A Companion to Britain in the Later Middle Ages

Author: S. H. Rigby

Publisher: John Wiley & Sons

ISBN: 0470998776

Category: History

Page: 688

View: 7488

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This authoritative survey of Britain in the later Middle Ages comprises 28 chapters written by leading figures in the field. Covers social, economic, political, religious, and cultural history in England, Ireland, Scotland, and Wales Provides a guide to the historical debates over the later Middle Ages Addresses questions at the leading edge of historical scholarship Each chapter includes suggestions for further reading

Ireland and Medieval Francophonia

French in Medieval Ireland, Ireland in Medieval French Literature

Author: Keith Busby

Publisher: Medieval Texts and Cultures of

ISBN: 9782503570211

Category: Literary Criticism

Page: 375

View: 997

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This is the first full-length study of an important and neglected topic, namely the cultural and linguistic consequences of the 1169 invasion of Ireland and the ways in which it influenced views of the country in literature written in French in the twelfth and thirteenth centuries. Works long known to have been written in French in multilingual Ireland - 'La geste des Engleis en Yrlande' and 'The Walling of New Ross' - are examined in their literary and historical context, while the works of the Dominican Jofroi de Waterford are shown definitively to have been written in Ireland, and not Paris, as has been assumed. After showing how Ireland acquired a reputation as a land of marvels through the dissemination and translation of early Latin texts of Irish origin and interest, the volume shows that increasing knowledge of the real Ireland does little to stymy the mirabilia hibernica in French vernacular literature.

Women in Early Medieval Europe, 400-1100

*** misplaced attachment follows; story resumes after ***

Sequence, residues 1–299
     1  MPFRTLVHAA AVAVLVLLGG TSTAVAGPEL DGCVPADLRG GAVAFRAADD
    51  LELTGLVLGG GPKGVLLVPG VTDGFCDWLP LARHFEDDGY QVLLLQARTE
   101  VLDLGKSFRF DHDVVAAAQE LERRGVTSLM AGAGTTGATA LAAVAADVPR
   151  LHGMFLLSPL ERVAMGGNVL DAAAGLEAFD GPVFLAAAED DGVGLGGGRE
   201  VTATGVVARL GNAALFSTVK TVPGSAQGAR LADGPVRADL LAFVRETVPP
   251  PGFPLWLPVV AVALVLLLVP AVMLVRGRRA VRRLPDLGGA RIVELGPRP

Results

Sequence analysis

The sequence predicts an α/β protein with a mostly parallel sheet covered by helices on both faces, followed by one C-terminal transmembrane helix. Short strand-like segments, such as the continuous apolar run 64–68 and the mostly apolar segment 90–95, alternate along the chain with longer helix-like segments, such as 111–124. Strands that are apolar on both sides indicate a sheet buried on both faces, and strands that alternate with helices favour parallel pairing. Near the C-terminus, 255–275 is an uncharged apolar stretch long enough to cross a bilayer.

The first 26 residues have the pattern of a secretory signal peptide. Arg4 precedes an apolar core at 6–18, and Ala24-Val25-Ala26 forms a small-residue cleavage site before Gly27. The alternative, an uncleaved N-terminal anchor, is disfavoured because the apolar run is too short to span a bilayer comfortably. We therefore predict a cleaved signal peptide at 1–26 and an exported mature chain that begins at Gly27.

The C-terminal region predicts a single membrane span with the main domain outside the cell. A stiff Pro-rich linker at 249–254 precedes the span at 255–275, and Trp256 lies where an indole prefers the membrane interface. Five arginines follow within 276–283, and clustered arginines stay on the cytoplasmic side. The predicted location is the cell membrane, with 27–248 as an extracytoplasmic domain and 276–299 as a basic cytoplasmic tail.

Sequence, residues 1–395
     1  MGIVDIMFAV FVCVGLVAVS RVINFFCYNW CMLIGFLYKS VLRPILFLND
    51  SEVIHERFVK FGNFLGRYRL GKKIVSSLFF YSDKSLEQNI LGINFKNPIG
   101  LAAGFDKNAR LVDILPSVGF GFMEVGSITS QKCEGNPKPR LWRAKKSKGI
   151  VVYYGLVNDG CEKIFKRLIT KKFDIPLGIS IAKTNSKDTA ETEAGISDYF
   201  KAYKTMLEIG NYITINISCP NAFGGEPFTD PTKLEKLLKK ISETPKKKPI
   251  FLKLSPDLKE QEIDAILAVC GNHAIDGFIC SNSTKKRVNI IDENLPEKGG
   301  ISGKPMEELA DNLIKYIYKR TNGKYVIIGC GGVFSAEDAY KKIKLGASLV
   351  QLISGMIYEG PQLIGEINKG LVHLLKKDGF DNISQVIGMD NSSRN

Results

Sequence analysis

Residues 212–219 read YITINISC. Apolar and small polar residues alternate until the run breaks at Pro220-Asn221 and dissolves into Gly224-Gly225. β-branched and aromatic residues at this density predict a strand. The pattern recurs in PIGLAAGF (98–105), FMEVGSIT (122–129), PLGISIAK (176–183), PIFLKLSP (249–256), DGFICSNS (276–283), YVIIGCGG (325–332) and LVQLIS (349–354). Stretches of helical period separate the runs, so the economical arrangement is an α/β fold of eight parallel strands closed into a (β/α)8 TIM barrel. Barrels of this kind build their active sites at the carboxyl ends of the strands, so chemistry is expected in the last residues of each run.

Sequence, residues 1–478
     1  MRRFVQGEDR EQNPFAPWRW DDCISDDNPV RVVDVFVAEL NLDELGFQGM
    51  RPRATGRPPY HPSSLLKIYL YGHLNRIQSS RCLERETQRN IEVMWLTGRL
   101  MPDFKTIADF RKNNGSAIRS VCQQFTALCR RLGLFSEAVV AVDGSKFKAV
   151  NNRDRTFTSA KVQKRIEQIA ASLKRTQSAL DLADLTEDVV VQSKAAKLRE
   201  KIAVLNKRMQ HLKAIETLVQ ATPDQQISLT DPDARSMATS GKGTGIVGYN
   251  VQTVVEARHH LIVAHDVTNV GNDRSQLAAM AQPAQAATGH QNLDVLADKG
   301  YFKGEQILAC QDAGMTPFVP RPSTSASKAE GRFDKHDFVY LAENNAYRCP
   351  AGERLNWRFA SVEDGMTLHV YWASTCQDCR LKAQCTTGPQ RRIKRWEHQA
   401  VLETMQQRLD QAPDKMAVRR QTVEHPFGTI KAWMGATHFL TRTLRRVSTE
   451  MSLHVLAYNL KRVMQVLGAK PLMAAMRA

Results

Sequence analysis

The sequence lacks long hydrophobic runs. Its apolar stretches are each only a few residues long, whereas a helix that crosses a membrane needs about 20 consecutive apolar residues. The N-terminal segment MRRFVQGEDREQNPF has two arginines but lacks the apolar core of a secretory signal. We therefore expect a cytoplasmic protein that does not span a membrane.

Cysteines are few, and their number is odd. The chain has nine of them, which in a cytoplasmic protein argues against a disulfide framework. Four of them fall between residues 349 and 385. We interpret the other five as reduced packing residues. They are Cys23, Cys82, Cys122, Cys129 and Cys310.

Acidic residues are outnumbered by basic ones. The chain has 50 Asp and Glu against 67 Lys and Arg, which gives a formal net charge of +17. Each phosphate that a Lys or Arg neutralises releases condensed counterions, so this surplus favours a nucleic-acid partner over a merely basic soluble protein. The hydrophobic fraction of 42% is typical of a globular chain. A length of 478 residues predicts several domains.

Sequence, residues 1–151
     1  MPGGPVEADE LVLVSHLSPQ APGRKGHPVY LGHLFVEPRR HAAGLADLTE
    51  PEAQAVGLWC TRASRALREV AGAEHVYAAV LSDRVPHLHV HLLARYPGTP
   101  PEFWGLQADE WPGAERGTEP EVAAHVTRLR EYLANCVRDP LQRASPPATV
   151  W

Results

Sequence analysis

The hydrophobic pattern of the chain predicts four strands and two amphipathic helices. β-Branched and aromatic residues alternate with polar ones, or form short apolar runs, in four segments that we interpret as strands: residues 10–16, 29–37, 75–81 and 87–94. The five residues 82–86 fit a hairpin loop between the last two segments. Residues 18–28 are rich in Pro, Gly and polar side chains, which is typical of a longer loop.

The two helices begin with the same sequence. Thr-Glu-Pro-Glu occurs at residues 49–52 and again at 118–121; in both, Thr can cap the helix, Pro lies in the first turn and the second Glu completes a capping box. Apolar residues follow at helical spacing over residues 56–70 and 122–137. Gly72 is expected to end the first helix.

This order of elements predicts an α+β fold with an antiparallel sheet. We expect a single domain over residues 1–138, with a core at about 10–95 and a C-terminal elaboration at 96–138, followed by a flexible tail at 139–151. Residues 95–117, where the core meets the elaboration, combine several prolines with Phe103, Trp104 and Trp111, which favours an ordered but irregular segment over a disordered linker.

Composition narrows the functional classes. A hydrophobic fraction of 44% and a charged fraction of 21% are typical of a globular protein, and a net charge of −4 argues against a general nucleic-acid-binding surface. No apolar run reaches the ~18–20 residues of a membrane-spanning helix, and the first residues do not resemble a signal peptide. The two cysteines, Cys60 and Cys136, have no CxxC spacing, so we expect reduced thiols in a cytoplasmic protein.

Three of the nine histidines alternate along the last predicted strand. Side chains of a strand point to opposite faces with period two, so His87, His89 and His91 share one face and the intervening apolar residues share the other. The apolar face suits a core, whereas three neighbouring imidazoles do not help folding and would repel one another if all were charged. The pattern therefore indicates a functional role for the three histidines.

Author: Lisa M. Bitel

Publisher: Cambridge University Press

ISBN: 9780521597739

Category: History

Page: 326

View: 2566

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This is a history of the early European middle ages through the eyes of women, combining the rich literature of women's history with original research in the context of mainstream history and traditional chronology. The book begins at the end of the Roman empire and ends with the start of the long eleventh century, when women and men set out to test the old frontiers of Europe. The book recreates the lives of ordinary women but also tells personal stories of individuals. Each chapter also questions an assumption of medieval historiography, and uses the few documents produced by women themselves, along with archaeological evidence, art, and the written records of medieval men, to tell of women, their experiences and ideas, and their relations with men. It covers the continent and its exotic edges, such as Iceland, Ireland, and Iberia; looking at women Christian and non-Christian alike.


Fantasy and History in Medieval Literature

Author: Aisling Byrne

Publisher: Oxford University Press

ISBN: 0198746008

Category: English literature

Page: 240

View: 831

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This book offers a new perspective on the otherworlds depicted in medieval literature. These fantastical realms are among the most memorable places in medieval writing, by turns beautiful and monstrous, alluring and terrifying. The narratives from Britain and Ireland examined in this book tell a rather surprising story about medieval notions of these fantastical places. Otherworlds accounts are often a lot more invested in the historical world than they mightinitially seem and authors often use the idea of the otherworld to comment on serious topics and on political realities. Sometimes they even reimagine nearby regions in the historical world as marvelousotherworlds.

Slaves and Warriors in Medieval Britain and Ireland

800 - 1200

Author: David R. Wyatt

Publisher: BRILL

ISBN: 9004175334

Category: History

Page: 455

View: 1494

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Modern sensibilities have clouded historical views of slavery, perhaps more so than any other medieval social institution. Anachronistic economic rationales and notions about the progression of European civilisation have immeasurably distorted our view of slavery in the medieval context. As a result historians have focussed their efforts upon explaining the disappearance of this medieval institution rather than seeking to understand it. This book highlights the extreme cultural/social significance of slavery for the societies of medieval Britain and Ireland c. 800-1200. Concentrating upon the lifestyle, attitudes and motivations of the slave-holders and slave-raiders, it explores the violent activities and behavioural codes of Britain and Ireland s warrior-centred societies, illustrating the extreme significance of the institution of slavery for constructions of power, ethnic identity and gender.

Britain, Ireland and the Crusades, C.1000-1300

Author: Kathryn Hurlock